Figure 2 shows the typical current density transient recorded during anodization under a constant voltage when self-organized pores were obtained. The pore formation process in anodic titanium oxide is similar to that of PAA, which can be divided into four stages. (i)In the first stage, a compact oxide barrier layer is formed on the electrolyte–metal interface, which leads the current to decrease sharply due to the low conductivity of the metal oxide.(ii)In the second stage, some cracks and narrow slits appear on the surface due to field-enhanced dissolution of the oxide layer. Diffusion of the electrolyte into such cracks enhances the dissolution rate compared with other areas, which enlarges the cracks and connects the neighboring cracks. Meanwhile, this process enlarges the interface between electrolyte and oxide layer which decreases the resistance and increases the anodizing current. In this stage, initial tiny pores are nuclear in the cracks, and therefore such cracks are named as “easy path”.(iii)The current reaches a stable state in the third stage, which corresponds to the random formation of porous structure in the slits and cracks. These slits and cracks extend over the whole surface area. Such a process is a competition between the pore formation and dissolution of the oxide layer. The stable state of the current density transient indicates that the pore formation reaches equilibrium with the pore dissolution.(iv)In the fourth stage, when the dissolution rate is larger than the formation rate, the porous structure is consumed and current reduces.

402174.fig.002
Figure 2: Current transient during the anodization process.
5.2.2. Effect of Anodizing Conditions on the Morphologies

Anodizing Potential and Concentration of Electrolyte
We can assume that the formation of different surface structures is strongly correlated with the thickness of the compact oxide layer formed at the initial stage of the anodization process. There must be a threshold thickness above which the big corrosion pits form; when the thickness of the oxide layer is below the threshold, porous structure forms. According to the study of the anodic aluminum oxide nanoporous process, it is presumed that the compact titanium oxide layer formed at the initial of stage of the anodization process is in the range of 0.1–1 nm. The schematic diagrams of the formation processes for the two different structures are shown in Figures 3 and 4.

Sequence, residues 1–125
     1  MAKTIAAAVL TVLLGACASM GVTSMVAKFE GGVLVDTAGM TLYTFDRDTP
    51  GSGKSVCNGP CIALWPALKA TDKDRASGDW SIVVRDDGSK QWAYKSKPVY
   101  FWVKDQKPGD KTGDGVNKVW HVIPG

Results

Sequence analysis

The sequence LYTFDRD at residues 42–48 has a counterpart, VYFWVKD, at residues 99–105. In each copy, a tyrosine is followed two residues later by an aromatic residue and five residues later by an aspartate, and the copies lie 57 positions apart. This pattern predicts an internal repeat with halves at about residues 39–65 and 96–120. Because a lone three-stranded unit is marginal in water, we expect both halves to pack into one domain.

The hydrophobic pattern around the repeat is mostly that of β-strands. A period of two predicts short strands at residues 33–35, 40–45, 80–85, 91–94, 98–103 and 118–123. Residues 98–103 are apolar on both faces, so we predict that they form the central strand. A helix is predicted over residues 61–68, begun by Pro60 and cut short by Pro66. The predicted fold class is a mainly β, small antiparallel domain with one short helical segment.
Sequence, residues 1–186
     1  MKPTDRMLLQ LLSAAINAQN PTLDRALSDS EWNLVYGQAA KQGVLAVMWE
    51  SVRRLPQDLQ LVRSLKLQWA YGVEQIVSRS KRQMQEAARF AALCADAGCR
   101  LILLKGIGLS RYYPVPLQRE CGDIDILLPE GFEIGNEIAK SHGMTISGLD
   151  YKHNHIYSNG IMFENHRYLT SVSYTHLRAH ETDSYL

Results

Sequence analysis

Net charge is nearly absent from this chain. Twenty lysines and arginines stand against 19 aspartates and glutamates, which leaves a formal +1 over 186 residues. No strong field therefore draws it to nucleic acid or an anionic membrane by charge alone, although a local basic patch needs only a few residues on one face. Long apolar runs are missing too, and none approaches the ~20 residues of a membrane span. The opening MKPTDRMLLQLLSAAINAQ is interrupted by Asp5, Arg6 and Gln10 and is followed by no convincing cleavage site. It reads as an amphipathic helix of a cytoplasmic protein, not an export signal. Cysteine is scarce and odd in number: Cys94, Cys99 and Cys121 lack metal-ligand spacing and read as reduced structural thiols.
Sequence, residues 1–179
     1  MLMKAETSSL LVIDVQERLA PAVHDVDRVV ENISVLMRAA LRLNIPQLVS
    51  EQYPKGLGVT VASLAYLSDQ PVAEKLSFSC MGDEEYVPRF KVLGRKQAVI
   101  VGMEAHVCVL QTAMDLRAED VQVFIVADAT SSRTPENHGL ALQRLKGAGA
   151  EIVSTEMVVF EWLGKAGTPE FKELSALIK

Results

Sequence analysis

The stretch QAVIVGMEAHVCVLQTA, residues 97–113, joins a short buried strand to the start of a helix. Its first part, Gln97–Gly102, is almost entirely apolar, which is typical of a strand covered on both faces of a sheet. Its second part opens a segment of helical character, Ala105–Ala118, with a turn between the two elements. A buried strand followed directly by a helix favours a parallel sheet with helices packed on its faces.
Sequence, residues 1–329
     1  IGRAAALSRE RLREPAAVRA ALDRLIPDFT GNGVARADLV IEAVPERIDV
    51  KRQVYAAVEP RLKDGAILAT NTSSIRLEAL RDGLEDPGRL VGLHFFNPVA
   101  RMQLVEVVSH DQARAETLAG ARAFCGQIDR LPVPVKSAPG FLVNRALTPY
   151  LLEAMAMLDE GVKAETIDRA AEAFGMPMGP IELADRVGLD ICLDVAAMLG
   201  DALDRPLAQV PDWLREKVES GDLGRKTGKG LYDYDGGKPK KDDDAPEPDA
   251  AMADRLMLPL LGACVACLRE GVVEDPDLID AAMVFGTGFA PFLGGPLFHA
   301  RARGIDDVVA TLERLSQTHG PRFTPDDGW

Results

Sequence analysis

At a high anodizing potential, when the electric field is strong, a thick oxide layer forms due to large Ti ion dissolution and reprecipitation of hydroxide film. The oxide layer is compact with a considerable thickness (Figure 3(a)). Such a thick compact oxide layer (referred to as a “barrier layer”) prevents the migration of O under the electric field from the electrolyte to the metal/oxide interface. At the same time, it prevents the migration of ions from the metal/oxide interface to the electrolyte. This barrier layer protects the metal thin film from being etched away. When anodization continues, the fluoride ions will attack the defect sites on the surface of the barrier layer which cause small notches (Figure 3(b)). Electrolytes pour into the notches and accelerate their growth until the metal/oxide interface is reached (Figure 4(c)). The exposure of metal substrate to electrolyte causes the current transient to increase due to the sudden departure of ions from the metal substrate to the electrolyte. Soon, the bottom of the pits is covered by an oxide layer (repassivated), and hence the current transient decreases (Figure 3(d)). In addition, localized breakdowns may occur at the bottom of the pits, and new notches can be generated; this is followed by repassivation (Figures 3(e) and 3(f)). That may explain the formation of corrosion pits and why it always occurs with the current oscillations. Because of the barrier layer, the anodization can last for a long time and, the current oscillation is kept undamped.
When porous structures are formed at a low potential, the barrier layer formed at the beginning of anodization is much thinner than that for a high potential (Figure 4(a)). Microslits appear on the surface of the oxide layer; this is followed by the growth of pores, as the electric field intensity at the pore bottom is much higher than that at the walls due to their different curvatures. Titanium is etched at a higher rate near the bottom, which allows the formation of pores in the direction normal to the surface. At the same time, owing to the remaining thin oxide layer, the O ions may migrate to the metal/oxide interface, followed by the formation of oxide. If the rates of oxide formation and dissolution at the bottom are equal, the thickness of the barrier layer is kept constant (Figures 4(b)4(d)). The curve recorded in such a process (as shown in Figure 2) is quite smooth and without oscillations which can be due to nondirect exposure of the metal substrate to the electrolyte.

fig3
Figure 3: Schematic diagram of the passivation and repassivation effect during the anodization process.
fig4
Figure 4: Schematic diagram of the dynamic balance during the anodization process.

The Film Smoothness